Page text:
There is, however, good news. Express Accounts by NCH is a superb accounting program. For small businesses, it’s free but with limited features. The single computer perpetual license is currently discounted to around $80. This saves a huge amount of time creating invoices and emailing them to customers. It’s not as versatile and doesn’t have as many features as Light Blue, but it’s great nonetheless.

Online storage

Cloud storage can seem expensive. Having our photos backed up remotely gives us the security against loss that we wouldn’t have if everything was stored at home or in the office. Once committed to a cloud service, we are likely to stay with them for the long term.

One of the best cloud services I’ve found for still photos is Amazon Photos. You get unlimited storage space as part of Amazon Prime membership. However, if you are an MS Office subscriber, you get 1TB per person included in the package.

Online meetings

A lot of people are familiar with Zoom by now. I use it to run individual workshops remotely, but there are other options. Microsoft Teams is available for free, as is Google Meet.

Photograph cataloging, developing and editing

There’s nothing more frustrating than trying to find a photo you took two or maybe three years ago. This is where a powerful asset management system comes into its own.

Lightroom Classic is an exceptional program for cataloging images, and the great thing is that even if a trial subscription has expired, the library module still works. However, this slows down your workflow as it means jumping between applications. On1 Photo Raw is available as a standalone package and its great value for money. With its latest update, the navigation module is perhaps even more powerful than Lightroom.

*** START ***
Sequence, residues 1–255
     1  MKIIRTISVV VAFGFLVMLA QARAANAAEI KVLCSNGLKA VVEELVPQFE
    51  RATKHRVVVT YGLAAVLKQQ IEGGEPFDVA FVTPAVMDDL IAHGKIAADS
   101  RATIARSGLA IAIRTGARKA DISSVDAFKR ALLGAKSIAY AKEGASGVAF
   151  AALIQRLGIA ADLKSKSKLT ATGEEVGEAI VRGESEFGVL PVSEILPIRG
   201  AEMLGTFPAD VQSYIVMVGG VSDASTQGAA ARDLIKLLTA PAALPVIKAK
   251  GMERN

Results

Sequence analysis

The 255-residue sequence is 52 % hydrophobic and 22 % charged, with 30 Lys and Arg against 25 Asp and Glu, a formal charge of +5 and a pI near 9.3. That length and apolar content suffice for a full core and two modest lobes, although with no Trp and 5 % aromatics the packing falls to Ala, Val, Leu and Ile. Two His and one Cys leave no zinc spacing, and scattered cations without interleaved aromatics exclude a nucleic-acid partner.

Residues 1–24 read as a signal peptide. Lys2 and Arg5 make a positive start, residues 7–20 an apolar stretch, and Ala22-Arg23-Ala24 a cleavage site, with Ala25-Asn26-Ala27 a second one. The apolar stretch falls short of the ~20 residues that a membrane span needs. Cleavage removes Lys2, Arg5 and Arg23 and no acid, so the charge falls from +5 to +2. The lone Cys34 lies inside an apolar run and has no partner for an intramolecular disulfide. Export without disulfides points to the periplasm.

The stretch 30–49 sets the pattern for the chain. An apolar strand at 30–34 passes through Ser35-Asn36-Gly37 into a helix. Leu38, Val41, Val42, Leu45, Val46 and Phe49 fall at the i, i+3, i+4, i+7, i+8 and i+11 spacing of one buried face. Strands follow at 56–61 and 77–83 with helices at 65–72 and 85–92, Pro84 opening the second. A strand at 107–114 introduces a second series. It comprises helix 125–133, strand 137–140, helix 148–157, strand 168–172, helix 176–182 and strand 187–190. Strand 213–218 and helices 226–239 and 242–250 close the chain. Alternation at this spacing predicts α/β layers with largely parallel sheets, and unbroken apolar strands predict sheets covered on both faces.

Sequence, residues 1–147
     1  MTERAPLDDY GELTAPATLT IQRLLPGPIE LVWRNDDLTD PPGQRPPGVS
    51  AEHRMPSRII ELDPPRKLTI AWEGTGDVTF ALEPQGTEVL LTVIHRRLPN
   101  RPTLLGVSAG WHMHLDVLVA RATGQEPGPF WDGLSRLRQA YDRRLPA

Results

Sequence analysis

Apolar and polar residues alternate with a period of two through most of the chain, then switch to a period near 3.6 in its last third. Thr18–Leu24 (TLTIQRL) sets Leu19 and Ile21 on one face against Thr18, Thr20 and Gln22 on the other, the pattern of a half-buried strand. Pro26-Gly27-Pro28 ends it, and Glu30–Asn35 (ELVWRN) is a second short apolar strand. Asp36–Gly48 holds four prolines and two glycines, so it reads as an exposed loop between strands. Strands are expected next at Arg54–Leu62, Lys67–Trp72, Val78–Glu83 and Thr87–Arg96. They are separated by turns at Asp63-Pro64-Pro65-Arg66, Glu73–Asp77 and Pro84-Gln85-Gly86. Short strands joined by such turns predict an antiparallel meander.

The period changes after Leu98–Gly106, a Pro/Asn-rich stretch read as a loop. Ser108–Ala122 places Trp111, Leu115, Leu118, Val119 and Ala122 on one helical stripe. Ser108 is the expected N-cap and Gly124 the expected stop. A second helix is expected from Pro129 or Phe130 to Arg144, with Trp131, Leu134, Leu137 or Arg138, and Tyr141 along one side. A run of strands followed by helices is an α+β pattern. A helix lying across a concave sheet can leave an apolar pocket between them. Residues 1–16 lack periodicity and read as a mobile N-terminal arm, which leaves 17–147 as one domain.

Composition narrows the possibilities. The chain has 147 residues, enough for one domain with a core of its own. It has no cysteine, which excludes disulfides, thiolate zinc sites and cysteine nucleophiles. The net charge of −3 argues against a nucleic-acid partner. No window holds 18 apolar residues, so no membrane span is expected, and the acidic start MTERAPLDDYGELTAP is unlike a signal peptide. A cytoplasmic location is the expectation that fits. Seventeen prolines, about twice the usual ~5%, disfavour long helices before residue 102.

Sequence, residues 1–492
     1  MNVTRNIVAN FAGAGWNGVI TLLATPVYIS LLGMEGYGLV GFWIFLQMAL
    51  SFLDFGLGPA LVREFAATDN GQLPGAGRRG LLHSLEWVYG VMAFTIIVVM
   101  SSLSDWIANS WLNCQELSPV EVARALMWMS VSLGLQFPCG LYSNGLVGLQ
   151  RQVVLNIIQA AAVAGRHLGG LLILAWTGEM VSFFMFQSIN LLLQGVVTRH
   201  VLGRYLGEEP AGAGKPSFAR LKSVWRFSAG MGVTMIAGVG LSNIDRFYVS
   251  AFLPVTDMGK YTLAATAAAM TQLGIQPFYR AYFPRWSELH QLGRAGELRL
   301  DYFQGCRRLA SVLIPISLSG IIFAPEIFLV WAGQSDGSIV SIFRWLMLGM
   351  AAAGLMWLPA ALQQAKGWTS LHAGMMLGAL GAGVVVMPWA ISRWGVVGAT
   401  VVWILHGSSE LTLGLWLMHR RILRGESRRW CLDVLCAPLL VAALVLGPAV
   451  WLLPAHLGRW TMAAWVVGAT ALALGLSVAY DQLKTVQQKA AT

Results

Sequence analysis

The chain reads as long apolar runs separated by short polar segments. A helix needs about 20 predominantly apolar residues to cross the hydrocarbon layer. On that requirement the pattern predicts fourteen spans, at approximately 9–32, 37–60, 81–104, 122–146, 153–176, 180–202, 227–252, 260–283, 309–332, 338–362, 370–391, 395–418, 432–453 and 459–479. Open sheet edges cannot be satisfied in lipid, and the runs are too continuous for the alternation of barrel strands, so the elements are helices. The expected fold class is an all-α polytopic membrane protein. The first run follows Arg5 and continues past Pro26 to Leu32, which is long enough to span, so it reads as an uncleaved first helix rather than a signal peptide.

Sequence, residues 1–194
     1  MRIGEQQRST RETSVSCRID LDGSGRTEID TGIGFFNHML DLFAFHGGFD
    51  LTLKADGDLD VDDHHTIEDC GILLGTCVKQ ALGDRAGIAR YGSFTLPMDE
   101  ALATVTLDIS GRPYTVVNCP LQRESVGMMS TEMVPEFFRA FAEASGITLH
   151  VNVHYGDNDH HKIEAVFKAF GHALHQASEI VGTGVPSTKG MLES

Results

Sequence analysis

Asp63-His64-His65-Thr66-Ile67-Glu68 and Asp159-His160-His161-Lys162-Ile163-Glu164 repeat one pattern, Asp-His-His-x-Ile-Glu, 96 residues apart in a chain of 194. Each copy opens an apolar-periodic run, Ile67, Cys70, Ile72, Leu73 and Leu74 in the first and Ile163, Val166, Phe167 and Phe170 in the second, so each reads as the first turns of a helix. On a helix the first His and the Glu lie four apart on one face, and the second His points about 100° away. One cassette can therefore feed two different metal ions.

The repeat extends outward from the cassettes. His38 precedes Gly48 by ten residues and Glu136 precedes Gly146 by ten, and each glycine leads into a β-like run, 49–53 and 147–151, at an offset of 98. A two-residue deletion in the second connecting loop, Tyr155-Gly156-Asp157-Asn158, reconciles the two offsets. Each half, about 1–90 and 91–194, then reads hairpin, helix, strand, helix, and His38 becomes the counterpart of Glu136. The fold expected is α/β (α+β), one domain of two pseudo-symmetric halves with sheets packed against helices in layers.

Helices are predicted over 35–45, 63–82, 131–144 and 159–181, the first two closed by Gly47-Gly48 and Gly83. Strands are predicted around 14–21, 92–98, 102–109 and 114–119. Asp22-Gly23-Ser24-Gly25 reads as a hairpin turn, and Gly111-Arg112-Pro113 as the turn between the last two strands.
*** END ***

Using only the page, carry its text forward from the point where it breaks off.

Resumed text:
For raw development and editing, there are free options, but that’s one area I wouldn’t skimp on. All of the well-known premium programs produce good, albeit different, results. The free ones look clunky in comparison. If you have to choose freeware, check your camera manufacturer’s offering, with Lightzone, getpaint.net, and Gimp as possible alternatives.

Do you have any money saving tips that will help others start their photography business? What are your experiences with the apps I mentioned? It would be nice if you shared your point of view.